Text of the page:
In Part 2, I highlighted the similarities and common themes among the studies, what is missing in the studies, and point out how understanding these changes can benefit financial advisory firm clients as well as the advisor/company.

In Part 3, the demographic trends are examined to point out the strategic benefits from providing valued-added services to this group of clients.  Whether your firm is large or small, helping clients navigate the non-financial side of retirement can be implemented in your firm.

Let’s us look at the strategic advantage of focusing on the specific needs of age 50+ clients.


The book What Retirees Want points out that currently in the U.S., people over age 50 represent 35% of the entire population and 44% of the adult population. This age group controls 76% of the total net worth of U.S. households. Only ten years from now- Gen-Xers will turn sixty-five, the first Millennials will turn fifty.

It has also been noted that Boomers will represent more than 80% of financial industry profits over the next 15 years.

Take a moment to think about the market that holds this wealth!

How will you differentiate the services you provide for this group?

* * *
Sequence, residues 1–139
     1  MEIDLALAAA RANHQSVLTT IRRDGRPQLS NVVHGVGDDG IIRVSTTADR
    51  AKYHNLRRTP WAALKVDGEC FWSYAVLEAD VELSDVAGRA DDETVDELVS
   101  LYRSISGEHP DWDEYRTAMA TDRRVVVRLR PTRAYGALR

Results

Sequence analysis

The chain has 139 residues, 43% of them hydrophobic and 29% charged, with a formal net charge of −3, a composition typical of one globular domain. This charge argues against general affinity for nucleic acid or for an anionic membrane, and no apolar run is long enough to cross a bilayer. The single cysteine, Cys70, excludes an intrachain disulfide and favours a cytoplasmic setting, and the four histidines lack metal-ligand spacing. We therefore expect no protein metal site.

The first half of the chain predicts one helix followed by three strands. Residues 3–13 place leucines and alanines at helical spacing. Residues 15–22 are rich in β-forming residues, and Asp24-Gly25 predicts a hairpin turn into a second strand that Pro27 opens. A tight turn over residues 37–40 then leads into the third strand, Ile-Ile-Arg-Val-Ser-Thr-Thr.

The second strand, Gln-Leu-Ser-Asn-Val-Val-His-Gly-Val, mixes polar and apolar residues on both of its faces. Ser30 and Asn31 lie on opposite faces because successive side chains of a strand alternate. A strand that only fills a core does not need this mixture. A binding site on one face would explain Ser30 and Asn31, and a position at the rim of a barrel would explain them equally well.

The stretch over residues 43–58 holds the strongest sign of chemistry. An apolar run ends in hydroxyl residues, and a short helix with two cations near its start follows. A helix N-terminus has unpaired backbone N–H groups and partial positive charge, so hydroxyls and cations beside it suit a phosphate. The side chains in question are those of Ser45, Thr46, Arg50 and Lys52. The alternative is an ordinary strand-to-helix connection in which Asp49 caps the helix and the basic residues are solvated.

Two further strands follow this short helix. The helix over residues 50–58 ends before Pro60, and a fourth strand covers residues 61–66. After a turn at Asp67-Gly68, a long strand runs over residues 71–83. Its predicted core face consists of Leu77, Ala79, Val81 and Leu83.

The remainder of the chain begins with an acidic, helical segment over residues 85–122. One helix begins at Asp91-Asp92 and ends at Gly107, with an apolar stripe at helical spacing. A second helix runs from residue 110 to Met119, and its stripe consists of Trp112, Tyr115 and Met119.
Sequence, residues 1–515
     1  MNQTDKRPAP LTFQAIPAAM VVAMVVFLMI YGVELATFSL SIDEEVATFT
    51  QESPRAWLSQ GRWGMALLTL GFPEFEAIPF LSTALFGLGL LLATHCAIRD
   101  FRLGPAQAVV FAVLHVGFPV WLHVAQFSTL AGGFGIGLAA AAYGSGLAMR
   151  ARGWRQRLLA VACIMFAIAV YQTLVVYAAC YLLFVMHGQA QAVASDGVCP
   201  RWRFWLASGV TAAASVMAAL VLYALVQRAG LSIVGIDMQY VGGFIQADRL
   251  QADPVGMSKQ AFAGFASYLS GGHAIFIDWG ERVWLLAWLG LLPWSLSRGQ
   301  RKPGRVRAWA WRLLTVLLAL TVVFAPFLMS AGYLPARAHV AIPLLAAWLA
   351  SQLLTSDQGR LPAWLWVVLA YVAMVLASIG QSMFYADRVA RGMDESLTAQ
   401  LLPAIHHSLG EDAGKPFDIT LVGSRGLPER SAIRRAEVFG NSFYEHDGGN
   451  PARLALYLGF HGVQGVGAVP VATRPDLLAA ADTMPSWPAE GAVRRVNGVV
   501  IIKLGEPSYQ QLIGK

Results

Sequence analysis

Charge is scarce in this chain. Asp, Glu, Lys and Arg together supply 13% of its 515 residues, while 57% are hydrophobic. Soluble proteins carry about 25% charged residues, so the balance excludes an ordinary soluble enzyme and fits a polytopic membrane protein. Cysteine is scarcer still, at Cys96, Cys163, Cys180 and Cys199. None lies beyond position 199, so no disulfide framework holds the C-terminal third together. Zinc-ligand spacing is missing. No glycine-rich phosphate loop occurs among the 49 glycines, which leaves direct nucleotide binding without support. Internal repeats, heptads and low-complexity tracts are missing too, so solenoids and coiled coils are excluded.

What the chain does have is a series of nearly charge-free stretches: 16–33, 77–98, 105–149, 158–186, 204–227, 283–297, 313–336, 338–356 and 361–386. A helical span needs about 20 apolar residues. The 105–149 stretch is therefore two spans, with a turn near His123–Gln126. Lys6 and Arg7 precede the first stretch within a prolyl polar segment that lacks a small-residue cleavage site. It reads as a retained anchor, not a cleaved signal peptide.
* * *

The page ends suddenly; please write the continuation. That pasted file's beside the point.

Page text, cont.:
As the demographic trend and proportion of assets illustrates, the needs and wants of pre-retirees and retirees discussed in Part 2 need to be addressed now.  The value and importance of planning for both the non-financial side of life in retirement as well as issues relating to longevity in retirement will only continue to increase.

In a 2019 Schwab Study advisors were asked two questions about future firm growth.

Question 1: Thinking about the growth of your firm over the next five years in terms of net new assets, what percentage do you expect to come from existing and new clients (organic growth), and what percentage do you expect to come from outside investments or transactions (inorganic growth)?

Advisors Response: 84% of growth from new and existing clients. 48% from new to firm clients. 36% from existing clients

Question 2: Which category (age demographic) best represents most of your new-to-firm clients?

Advisors Response: 64% would be Boomers. 30% would be Gen X.

Combining these two responses together, it appears advisors believe much of their near-term growth will come from new and existing Boomers.

If your firm’s goal is to increase net new assets- and the 50+ age group represents 44% of the adult population, 10,000 people are reaching retirement age per day, and nearly 20% of the U.S. population will be age 65 and older by 2030…

Where will firm growth come from and how will this happen?